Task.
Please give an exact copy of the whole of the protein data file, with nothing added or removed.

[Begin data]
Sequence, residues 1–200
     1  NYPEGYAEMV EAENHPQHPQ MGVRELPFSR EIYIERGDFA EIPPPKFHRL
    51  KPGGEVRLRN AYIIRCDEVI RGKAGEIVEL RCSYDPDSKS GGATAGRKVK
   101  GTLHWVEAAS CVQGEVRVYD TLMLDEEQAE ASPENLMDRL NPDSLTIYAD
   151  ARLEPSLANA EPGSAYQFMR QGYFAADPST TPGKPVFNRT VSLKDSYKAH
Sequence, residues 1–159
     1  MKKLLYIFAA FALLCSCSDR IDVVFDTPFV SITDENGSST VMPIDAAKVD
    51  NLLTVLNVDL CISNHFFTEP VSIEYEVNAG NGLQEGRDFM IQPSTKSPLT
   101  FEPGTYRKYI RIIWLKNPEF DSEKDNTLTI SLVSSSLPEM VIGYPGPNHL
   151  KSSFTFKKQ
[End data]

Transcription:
Sequence, residues 1–200
     1  NYPEGYAEMV EAENHPQHPQ MGVRELPFSR EIYIERGDFA EIPPPKFHRL
    51  KPGGEVRLRN AYIIRCDEVI RGKAGEIVEL RCSYDPDSKS GGATAGRKVK
   101  GTLHWVEAAS CVQGEVRVYD TLMLDEEQAE ASPENLMDRL NPDSLTIYAD
   151  ARLEPSLANA EPGSAYQFMR QGYFAADPST TPGKPVFNRT VSLKDSYKAH
Sequence, residues 1–159
     1  MKKLLYIFAA FALLCSCSDR IDVVFDTPFV SITDENGSST VMPIDAAKVD
    51  NLLTVLNVDL CISNHFFTEP VSIEYEVNAG NGLQEGRDFM IQPSTKSPLT
   101  FEPGTYRKYI RIIWLKNPEF DSEKDNTLTI SLVSSSLPEM VIGYPGPNHL
   151  KSSFTFKKQ